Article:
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A to Z of Making It, Copyright, Music, My Stories, Piracy

Piracy

The debates and arguments never cease. There is no doubt that piracy has grown the fan base of established acts but it hasn’t brought the recorded income with it. For newer artists, look no further than Ed Sheeran, who used peer to peer services to spread his music. Without it, he wouldn’t be the megastar he is.

Researchers also try to quantify how ticket sales equate to people who pirated music. And there is a lot of research out there supporting it. Metallica post Napster started to play stadiums on their own. They rarely did that previously. On top of that, Metallica tested the waters on ticket prices.

Read this interview about how they seized the moment.

I know I became a fan of a lot of bands because of pirated material. Bands like Trivium, Coheed and Cambria, Shinedown, In Flames, Evergrey, Killswitch Engage, The Night Flight Orchestra and Corroded just to name a few. And I had no qualms paying ticket prices if these bands came to town.

High profile bands from the Eighties also had a renaissance in the 2000’s because of pirated material. Motley Crue, Metallica, Guns N Roses, Iron Maiden, Twisted Sister, Megadeth, Judas Priest, Europe and Whitesnake come to mind immediately.

In the same way MTV gave the Seventies bands another chance in the Eighties, piracy gave all the Eighties acts who had some traction another chance in the Two Thousands. Provided they still wanted to work together. Bands like Skid Row, Ratt, Warrant and Dokken unfortunately missed out because key members hated each other.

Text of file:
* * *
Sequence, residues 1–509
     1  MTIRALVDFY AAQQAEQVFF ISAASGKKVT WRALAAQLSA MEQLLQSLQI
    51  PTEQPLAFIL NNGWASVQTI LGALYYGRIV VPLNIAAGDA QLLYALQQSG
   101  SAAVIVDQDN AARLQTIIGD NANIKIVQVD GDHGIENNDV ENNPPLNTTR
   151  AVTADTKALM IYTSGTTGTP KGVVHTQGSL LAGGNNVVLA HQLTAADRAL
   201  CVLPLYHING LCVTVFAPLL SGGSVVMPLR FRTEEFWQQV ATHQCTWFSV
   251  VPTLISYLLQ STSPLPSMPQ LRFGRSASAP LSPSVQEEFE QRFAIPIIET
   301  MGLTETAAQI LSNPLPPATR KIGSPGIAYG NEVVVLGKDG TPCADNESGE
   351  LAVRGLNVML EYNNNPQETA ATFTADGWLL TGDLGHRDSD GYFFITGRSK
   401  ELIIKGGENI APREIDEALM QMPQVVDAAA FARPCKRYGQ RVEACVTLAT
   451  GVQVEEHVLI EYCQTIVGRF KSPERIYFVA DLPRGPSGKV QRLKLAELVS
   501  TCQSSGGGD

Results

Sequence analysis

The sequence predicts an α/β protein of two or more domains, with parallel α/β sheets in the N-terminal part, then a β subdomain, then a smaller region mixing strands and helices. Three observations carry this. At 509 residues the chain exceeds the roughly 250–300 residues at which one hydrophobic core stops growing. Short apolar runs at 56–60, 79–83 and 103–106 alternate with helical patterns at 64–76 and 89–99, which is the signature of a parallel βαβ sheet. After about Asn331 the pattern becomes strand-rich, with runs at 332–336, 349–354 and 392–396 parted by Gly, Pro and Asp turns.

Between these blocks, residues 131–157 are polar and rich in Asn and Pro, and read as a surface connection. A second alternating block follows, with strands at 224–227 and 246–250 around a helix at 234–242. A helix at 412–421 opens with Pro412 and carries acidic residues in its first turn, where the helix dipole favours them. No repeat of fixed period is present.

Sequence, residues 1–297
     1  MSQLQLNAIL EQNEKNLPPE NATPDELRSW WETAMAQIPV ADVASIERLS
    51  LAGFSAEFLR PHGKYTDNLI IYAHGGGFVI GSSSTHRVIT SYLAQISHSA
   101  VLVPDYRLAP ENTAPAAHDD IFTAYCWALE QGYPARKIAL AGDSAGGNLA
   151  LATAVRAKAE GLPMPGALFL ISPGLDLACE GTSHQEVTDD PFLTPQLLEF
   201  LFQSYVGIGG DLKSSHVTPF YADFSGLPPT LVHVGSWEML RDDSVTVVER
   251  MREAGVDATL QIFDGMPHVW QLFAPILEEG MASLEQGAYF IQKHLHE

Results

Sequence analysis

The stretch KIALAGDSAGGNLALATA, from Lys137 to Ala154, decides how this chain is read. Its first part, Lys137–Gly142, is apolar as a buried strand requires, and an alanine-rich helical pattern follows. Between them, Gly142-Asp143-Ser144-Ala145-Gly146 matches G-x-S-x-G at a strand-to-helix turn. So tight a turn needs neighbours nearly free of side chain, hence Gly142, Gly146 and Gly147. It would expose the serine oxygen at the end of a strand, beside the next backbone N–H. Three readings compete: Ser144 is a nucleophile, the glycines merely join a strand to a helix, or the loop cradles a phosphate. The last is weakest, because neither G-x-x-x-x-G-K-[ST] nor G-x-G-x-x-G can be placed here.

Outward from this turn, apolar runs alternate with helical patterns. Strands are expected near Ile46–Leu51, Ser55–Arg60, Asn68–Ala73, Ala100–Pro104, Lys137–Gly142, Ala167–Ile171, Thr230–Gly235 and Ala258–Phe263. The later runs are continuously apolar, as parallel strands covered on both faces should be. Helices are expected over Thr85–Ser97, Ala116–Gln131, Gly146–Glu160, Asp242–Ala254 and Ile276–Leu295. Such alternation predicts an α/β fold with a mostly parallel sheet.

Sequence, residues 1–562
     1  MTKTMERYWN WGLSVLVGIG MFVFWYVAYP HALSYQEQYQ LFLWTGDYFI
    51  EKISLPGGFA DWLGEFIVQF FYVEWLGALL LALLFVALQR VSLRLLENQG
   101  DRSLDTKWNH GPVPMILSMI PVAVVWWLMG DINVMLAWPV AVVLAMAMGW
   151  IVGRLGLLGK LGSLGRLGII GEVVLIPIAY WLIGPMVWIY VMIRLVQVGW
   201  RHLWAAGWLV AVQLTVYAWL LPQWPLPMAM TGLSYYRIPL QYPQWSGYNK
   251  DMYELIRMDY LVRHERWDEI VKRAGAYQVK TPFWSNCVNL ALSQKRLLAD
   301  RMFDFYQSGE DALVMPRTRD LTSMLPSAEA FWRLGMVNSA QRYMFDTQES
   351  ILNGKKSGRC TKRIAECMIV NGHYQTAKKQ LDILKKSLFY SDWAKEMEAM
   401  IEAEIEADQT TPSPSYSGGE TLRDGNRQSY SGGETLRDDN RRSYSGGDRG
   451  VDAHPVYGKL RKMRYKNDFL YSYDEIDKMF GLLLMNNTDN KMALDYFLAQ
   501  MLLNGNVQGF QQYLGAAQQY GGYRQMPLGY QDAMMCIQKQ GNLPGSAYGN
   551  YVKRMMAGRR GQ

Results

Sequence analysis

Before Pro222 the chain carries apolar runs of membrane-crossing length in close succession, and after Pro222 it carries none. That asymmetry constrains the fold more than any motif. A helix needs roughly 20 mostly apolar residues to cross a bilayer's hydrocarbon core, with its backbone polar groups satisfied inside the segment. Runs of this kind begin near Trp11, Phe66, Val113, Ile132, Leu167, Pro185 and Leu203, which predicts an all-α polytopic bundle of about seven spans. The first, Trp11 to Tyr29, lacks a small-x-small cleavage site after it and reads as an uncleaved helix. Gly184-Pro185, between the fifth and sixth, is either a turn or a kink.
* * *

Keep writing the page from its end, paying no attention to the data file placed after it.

It’s a pretty simple business model.

Have your music available worldwide for free and people will access it.

All of those bands mentioned above have played cities they’ve never played before and to crowds larger than before. They played these cities without selling any real recorded product in those cities.

But the Copyright holders still complain.

Seriously, is stream ripping really an issue these days. Think about the work/time involved to rip a stream. The people who are doing all of that are not interested to pay for recorded music. Those people will pay via other methods.

I can tell you that in Eastern Europe, I have not come across a legitimate music shop. The few shops I have come across (and I use that term loosely) sell rips of albums. So how do you think the people in Eastern Europe will access music.

In most cases, they will download a copy of the album. But that hasn’t stopped bands from hitting Serbia, Bulgaria, Romania, Poland, Hungary and Russia on tours. And streaming services are fragmented. Spotify is not available in Serbia, Romania and Russia. Apple Music is available in Russia, but not in Serbia and Romania.